What You Should Know About the Sophomore Slump

After a whirlwind of a freshman year, you were excited to come back to campus and finally get the hang of things. But ever since classes started, something's been off...you've been feeling overwhelmed. You can't seem to focus on your studies, lack energy to socialize and are doubting your sense of belonging. If you nodded your head in response to these signs, you may be experiencing the infamous "sophomore slump." 

In case you haven't read any of the thousands of 'sophomore slump survival guide' articles, here's the gist: sophomore slump refers to the phenomenon commonly experienced by second year college students involving a lack of academic, personal and social motivation.

Though it can be experienced in many forms or not at all, its effects are seen across college populations. In fact, it even correlates to college retention rates given that about two‐thirds as many students drop out in their second year, as opposed to their first year (United States Department of Education Statistics). Even so, the slump is often dismissed as just a cliché. But the truth is, it matters.​​

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Like most things, we don't think it'll happen to us until it does. The slump can shape the way we perceive ourselves, our loved ones, and our futures. It can make us feel lost, unworthy, or hopeless and create or amplify mental health conditions (like anxiety and depression). Often, it makes us ask ourselves "what is wrong with me?" when really, our peers also experience it. So it's not just a myth.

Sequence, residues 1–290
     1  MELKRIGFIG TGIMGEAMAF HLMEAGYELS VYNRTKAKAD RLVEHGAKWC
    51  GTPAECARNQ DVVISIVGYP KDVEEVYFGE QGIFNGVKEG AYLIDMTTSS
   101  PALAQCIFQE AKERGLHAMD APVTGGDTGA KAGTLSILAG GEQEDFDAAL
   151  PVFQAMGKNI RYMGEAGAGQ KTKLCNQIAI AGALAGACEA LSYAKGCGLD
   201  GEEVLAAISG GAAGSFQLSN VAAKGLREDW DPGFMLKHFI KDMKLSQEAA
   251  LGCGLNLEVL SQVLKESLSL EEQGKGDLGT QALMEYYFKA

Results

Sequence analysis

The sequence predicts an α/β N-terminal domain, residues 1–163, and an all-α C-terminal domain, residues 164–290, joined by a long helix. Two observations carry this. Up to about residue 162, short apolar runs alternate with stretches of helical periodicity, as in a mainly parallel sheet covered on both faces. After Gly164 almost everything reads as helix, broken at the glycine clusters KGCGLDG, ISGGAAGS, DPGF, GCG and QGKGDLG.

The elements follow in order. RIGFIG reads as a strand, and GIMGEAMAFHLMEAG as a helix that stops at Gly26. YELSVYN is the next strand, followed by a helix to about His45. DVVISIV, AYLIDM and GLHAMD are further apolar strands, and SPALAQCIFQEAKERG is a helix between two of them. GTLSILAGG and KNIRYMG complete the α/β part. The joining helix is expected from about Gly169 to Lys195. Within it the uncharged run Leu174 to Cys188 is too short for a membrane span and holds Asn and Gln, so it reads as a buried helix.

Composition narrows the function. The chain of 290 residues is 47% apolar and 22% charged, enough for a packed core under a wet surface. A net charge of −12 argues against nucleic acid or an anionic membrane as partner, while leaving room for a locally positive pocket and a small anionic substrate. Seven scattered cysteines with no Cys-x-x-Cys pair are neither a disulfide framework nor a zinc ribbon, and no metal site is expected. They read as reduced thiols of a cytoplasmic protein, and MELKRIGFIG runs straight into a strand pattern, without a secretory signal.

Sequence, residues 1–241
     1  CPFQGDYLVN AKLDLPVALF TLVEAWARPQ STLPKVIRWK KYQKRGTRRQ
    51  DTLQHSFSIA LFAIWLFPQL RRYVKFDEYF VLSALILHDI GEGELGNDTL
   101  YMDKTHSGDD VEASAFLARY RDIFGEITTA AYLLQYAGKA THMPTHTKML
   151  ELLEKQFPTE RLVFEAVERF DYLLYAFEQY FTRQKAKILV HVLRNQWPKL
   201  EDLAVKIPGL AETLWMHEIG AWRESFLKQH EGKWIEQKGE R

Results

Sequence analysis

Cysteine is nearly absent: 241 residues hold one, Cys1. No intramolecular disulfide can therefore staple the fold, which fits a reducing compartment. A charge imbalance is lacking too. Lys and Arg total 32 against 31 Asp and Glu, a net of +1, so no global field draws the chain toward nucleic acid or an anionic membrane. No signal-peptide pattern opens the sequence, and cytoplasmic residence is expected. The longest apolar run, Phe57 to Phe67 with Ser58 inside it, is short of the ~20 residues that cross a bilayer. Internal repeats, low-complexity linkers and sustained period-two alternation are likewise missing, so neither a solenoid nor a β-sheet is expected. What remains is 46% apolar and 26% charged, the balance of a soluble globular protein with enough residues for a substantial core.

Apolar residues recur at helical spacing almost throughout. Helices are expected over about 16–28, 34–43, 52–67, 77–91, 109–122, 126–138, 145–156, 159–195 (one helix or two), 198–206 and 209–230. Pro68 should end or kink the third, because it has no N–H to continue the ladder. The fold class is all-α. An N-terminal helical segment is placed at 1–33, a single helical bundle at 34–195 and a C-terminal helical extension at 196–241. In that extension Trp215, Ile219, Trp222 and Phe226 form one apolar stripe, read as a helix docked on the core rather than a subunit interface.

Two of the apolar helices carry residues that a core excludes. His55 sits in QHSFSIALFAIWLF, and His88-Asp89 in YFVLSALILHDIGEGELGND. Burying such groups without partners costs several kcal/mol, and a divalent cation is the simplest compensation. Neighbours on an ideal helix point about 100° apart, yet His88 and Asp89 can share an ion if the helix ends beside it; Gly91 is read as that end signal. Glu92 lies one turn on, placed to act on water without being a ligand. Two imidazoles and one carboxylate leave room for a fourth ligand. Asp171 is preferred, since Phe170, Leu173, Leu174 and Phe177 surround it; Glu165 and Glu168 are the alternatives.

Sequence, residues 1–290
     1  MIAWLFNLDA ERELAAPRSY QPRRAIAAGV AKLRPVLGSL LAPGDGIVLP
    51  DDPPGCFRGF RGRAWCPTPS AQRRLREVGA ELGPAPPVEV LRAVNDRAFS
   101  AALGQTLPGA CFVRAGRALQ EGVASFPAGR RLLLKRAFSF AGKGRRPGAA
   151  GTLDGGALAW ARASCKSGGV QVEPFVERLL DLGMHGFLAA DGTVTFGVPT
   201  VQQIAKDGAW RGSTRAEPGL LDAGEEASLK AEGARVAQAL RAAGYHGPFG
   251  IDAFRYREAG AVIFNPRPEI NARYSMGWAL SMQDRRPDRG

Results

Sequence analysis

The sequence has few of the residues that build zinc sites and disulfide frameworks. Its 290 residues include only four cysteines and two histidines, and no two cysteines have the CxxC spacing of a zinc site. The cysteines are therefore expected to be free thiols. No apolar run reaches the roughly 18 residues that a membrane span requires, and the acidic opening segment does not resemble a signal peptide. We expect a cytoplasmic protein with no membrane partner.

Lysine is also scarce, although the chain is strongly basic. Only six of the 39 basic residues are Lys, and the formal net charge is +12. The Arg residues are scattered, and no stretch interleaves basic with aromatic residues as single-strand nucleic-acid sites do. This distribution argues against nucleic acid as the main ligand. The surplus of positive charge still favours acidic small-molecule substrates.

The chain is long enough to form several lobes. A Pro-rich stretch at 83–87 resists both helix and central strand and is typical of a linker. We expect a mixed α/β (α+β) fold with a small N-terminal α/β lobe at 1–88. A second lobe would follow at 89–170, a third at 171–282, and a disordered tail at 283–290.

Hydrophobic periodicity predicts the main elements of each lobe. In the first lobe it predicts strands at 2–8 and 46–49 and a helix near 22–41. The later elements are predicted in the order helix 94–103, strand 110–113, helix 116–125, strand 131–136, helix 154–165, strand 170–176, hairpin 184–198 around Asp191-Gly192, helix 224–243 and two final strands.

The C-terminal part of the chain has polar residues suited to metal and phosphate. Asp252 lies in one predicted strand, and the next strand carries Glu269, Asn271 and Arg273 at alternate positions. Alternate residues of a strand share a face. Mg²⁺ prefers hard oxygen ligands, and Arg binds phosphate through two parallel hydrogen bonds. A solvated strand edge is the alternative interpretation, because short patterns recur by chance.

While the slump is often neglected, it's also taken to another extreme. It can normalize sleep deprivation, unhealthy eating habits, and emotional breakdowns. Consequently, it trivializes and masks actual mental or physical health decline as just a part of the #struggleSo labeling the slump as the status quo must also be done carefully.  

Needless to say, the slump is complicated. It affects people differently and its implications have complex distinctions. In any case, it's important that you not let it make you numb or feel alone in your emotions and experiences. 

This year may bring tears as you cry on the floor with your roommates, countless phone calls home, and discouraging advisor meetings. But this year may also bring laughs, greater appreciation for both old and new loved ones, and incredible self-realizations. Your sophomore year (or the rest of college, for that matter) doesn't have to be defined by this phenomenon. You can and will get out of this funk.

Remind yourself to:

1. Take a deep breath. 

2. Talk it out.

3. Do what feels good.

4. Trust your process.

Even if you only take away one thing from this post, let it be this: you aren't alone. 


** Resources to know about **

  • UCSB Counseling & Psychological Services (CAPS): call 805-893-4411 or stop by the Counseling and Career Services Building (599) to talk with someone. 

  • National Suicide Prevention Lifeline: call 1-800-273-8255.